One national scam with local impact took place in the spring of 1891. The Star-Gazette reported that over a period of four weeks, a group of citizens in Elmira lost a total of $1,500, or $50,000 in today’s money. The unfortunate group had joined a newly formed chapter of a national organization with the unlucky name of The Beneficial Order of Earnest Workers (BOEW).

Unidentified factory workers, 1890-1920, Elmira, NY

Headquartered in Philadelphia,  the BOEW boasted over 28,000 members nationwide, with the Elmira chapter counting for 128 members. The organization was one of a number of short-term beneficial societies that promised to pay investors $100 in return for their small investment in only nine weeks. At one time, the New Jersey branch took in over $25,000 in investments every week. Though not all beneficial societies were corrupt, this entire organization was.

Today, the name of the organization seems quaint, though it was a term used to describe a collective or cooperative financial group. Sometimes called friendly societies, benevolent societies focused on providing funds for a group financial or social purpose and were common before modern insurance or organized social services. Beneficial societies can still be found in countries where larger banks do not want to invest.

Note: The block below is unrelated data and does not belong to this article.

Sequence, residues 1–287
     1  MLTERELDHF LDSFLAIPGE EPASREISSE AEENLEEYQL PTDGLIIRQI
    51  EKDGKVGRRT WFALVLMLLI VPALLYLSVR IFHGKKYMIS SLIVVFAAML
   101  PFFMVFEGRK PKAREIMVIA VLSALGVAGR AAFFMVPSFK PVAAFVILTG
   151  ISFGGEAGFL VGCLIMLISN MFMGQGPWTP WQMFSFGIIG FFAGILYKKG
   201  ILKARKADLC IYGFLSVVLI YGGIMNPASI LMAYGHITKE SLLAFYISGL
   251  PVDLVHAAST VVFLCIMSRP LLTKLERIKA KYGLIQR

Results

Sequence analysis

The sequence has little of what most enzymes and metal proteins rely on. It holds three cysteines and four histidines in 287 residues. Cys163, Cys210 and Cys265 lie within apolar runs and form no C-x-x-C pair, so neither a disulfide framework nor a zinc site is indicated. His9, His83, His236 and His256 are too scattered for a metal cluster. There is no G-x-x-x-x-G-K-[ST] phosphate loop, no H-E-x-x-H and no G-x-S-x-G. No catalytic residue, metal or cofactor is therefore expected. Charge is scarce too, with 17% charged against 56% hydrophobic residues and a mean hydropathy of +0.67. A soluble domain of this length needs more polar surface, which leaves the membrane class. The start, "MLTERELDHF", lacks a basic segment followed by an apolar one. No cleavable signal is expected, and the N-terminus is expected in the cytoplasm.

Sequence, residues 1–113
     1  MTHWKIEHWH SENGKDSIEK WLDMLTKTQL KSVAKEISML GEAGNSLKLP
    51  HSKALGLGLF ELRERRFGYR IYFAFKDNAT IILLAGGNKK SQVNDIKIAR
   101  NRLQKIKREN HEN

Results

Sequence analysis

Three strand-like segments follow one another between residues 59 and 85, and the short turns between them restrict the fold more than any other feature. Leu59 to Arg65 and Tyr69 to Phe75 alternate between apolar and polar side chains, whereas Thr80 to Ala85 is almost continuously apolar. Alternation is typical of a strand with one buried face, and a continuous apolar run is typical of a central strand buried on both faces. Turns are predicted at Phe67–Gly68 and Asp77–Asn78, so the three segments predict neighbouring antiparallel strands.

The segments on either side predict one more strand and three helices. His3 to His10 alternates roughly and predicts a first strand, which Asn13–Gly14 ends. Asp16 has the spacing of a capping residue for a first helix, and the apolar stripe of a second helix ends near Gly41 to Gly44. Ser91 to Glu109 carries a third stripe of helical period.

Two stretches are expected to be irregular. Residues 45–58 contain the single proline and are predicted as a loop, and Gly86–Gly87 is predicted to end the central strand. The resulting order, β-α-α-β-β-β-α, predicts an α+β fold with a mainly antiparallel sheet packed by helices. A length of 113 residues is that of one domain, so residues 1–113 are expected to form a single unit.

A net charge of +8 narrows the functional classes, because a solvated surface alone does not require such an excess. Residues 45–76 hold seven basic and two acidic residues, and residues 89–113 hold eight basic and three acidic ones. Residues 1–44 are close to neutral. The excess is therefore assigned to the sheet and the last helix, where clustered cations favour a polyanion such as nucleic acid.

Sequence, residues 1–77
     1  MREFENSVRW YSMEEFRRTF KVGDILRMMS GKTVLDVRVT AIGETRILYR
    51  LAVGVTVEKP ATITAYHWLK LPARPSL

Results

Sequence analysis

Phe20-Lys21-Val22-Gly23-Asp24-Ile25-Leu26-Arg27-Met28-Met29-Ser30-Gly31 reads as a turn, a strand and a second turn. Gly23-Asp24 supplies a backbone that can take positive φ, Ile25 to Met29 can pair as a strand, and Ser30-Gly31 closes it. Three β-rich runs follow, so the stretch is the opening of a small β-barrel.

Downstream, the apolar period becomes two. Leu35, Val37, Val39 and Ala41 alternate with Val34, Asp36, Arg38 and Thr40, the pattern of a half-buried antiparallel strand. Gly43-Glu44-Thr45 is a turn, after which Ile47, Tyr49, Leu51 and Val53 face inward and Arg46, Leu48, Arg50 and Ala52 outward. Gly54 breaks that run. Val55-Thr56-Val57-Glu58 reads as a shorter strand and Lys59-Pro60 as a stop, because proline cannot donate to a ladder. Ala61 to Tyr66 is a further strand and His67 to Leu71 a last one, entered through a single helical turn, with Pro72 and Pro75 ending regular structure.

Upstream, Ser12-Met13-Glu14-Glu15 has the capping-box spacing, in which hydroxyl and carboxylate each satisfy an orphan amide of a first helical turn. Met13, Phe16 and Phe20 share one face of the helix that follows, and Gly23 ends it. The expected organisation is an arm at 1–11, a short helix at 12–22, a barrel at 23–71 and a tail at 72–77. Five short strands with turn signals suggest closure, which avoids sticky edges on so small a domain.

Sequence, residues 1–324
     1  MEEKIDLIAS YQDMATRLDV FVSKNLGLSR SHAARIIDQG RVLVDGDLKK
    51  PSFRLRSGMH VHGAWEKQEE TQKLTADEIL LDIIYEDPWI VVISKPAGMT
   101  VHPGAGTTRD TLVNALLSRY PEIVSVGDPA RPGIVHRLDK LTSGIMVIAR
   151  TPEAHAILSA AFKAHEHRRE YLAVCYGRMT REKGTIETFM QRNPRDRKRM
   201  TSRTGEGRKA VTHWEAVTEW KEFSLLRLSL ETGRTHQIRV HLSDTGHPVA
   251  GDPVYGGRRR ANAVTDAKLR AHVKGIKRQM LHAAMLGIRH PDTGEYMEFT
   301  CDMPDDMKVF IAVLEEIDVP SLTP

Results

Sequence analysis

This society, however, wasn’t built on altruistic ideas. Instead, the officers schemed to extract hard-earned cash from anyone willing to risk their money. Men with titles like The Supreme President, The Supreme Treasurer, and The Supreme Secretary of the Beneficial Order of Earnest Workers enticed their unsuspecting victims.

When the scheme fell apart, after only a matter of weeks, various members were arrested in Philadelphia. At least one of these reportedly had his travel cases packed and tickets bought, knowing he needed to escape. One of the Elmira officers traveled to Philadelphia to recover money, but was unsuccessful. Sums lost ranged from $37 to nearly $700. Writing about the scandal, The Star-Gazette mentions a “prominent disinterested lawyer” in Philadelphia remarking that because the victims willingly invested, it would be hard to pursue justice.

It’s not clear if any of the victims ever recovered some or all of their investments. Certainly, the Elmira members were not the only ones, but for a few days in 1891, it made a dramatic story in the paper.

We like to think we’re smarter than that, but today’s schemes continue to lure unsuspecting victims. Below is information from the US government on ways to avoid being a victim of scams, and we encourage you to share it with anyone who might benefit.